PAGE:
I Was Born Free

"We're all one thing, Lieutenant. That's what I've come to realize. Like cells in a body. 'Cept we can't see the body. The way fish can't see the ocean. And so we envy each other. Hurt each other. Hate each other. How silly is that? A heart cell hating a lung cell." - Cassie from THE THREE
Posts tagged "huffington post"

I mean.

I believe this is what they call “reverse psychology”….

I believe this is what they call “reverse psychology”….

Any book advertised with and establishing its setting with the line “it was the summer Coltrane” died is just going to be pretentious and self-absorbed. It sounds like the opening of a poem by a college freshman, not punk icon Patti Smith. There is nothing punk about “Just Kids,” Smith’s memoir of her early years in New York City and her relationship with future controversial photographer Robert Mapplethorpe. Instead, it’s wistful, sweet, and nostalgic, which are words never used before to describe the works of Patti Smith. Even if you’re a big Smith fan, you might want to skip it, especially since you’ve probably already read a book or seen a movie about people are young, in love, have a dream, but are poor, but dammit we’re happy, so happy.
I wonder if HuffPo would have the balls to put a story about Lil Wayne robotripping or something and then under it be like “MORE BLACK FOLKS…”

I wonder if HuffPo would have the balls to put a story about Lil Wayne robotripping or something and then under it be like “MORE BLACK FOLKS…”

When HuffPo’s front page is a Nine Inch Nails pun, it might be time for us all to just quit the internet.

Looks like HuffPo is going to be just as good at “Gay Voices" as they are at everything else!

VOM.

Ironic ad placement.

This is what “Mulling Legal Action” looks like.

This is what “Mulling Legal Action” looks like.

6) He doesn’t give any money to charity. And when he became Apple’s CEO he stopped all of their philanthropic programs. He said, “wait until we are profitable”. Now they are profitable, and sitting on $40b cash, and still not corporate philanthropy. I actually think Jobs is probably the most charitable guy on the planet. Rather than focus on which mosquitoes to kill in Africa (Bill Gates is already focusing on that), Jobs has put his energy into massively improving quality of life with all of his inventions. People think that entrepreneurs have to some day “give back”. This is not true. They already gave at the office. Look at the entire iPod/Mac/iPhone/Disney ecosystem and ask how many lives have benefited directly (because they’ve been hired) or indirectly (because they use the products to improve their quality of life). As far as I know, Jobs has never even commented about his thoughts on charity. Good for him. As one CEO of a (currently) Fortune 10 company once told me when I had my hand out for a charitable website, “Screw charity!”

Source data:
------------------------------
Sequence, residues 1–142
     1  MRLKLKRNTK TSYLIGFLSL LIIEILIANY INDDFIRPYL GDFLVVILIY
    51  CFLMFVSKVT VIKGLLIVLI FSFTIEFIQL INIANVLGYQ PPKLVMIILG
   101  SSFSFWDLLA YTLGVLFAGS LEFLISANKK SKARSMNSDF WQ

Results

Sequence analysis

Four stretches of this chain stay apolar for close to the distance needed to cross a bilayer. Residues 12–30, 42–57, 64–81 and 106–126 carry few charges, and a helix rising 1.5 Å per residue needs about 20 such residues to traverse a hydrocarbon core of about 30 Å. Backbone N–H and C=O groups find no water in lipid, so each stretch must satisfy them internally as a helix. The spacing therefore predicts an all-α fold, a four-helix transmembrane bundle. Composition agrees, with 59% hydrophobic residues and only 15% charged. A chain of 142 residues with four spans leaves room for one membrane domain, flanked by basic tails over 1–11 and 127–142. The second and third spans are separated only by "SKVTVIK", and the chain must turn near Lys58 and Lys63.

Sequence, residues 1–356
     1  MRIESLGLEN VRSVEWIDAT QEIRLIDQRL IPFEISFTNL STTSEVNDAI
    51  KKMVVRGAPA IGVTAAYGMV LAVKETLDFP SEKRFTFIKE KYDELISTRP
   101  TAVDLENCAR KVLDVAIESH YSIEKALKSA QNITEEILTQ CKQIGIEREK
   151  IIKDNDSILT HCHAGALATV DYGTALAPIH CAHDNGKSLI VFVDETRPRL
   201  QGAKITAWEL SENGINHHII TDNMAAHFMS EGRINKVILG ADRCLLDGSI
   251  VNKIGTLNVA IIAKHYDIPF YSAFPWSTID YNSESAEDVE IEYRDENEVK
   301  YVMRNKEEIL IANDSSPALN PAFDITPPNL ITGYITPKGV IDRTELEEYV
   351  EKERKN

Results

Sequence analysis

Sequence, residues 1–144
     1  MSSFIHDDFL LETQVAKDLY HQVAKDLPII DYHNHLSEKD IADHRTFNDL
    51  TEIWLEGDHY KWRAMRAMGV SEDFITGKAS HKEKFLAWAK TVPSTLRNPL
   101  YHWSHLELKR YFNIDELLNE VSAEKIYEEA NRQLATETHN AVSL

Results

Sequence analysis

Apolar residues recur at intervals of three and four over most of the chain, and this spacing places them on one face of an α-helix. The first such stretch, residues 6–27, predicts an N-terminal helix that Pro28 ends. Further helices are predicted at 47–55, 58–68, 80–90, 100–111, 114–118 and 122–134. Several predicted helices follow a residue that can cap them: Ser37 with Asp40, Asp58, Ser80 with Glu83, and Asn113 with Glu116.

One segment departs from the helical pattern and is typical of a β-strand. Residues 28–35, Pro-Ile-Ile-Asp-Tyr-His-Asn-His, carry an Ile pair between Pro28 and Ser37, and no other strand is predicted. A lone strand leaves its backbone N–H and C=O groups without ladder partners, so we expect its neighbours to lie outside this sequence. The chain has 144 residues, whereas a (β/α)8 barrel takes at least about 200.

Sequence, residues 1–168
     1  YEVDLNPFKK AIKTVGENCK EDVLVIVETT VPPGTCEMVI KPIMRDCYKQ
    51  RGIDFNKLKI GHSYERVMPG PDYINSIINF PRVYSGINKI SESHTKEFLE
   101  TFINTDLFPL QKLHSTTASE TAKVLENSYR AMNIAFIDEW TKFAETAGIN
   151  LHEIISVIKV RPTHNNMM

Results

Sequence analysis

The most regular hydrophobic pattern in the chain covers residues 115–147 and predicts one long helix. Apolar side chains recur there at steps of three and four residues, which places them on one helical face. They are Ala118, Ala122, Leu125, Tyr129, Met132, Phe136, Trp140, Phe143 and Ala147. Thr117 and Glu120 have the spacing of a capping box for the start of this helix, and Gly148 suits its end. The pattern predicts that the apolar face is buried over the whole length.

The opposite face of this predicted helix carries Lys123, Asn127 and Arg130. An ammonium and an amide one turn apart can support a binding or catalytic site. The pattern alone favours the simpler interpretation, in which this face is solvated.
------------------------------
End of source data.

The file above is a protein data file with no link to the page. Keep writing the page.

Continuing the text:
Like anyone with an internet connection, I’ve read many horrific things on Huffington Post, but this bizarre, sociopathic paragraph really takes the cake.

If this gentleman had simply tried to make the point that Steve Jobs “makes up for” his lack of giving by creating great products, I would’ve just winced and moved on. But no, according to James Altucher, being CEO of a for-profit company that makes products that are only affordable for the upper-middle class and above makes you more charitable than every single other person on earth. You can all stop wiping asses in Haiti, everybody. You did not come up with the iPad. Jobs wins. And besides, Bill Gates is already dominating the charity space.

I am certainly not going to blame Steve Jobs, who is likely approaching death, for a capitalist system that makes being a weirdly bad person a requirement for achieving his level of success. But we don’t necessarily have to worship him for it. 

I’m beginning to think HuffPo might just be an elaborate art installation on the decline of our society.

I was home alone the other night, and around 3 am I decided it would be hilarious if I started taking ridiculous celebrity blogs from HuffPo and performed them as monologues (The “home alone” factor matters, because otherwise I would be too embarrassed to be caught talking to my computer). I decided to start with Laurie David’s piece, "New Girlfriends".

It’s a couple days later, and I’m not quite sure about “hilarious” (or even “entertaining”), but I’m throwing it up here anyway. Don’t like it? Don’t “like” it.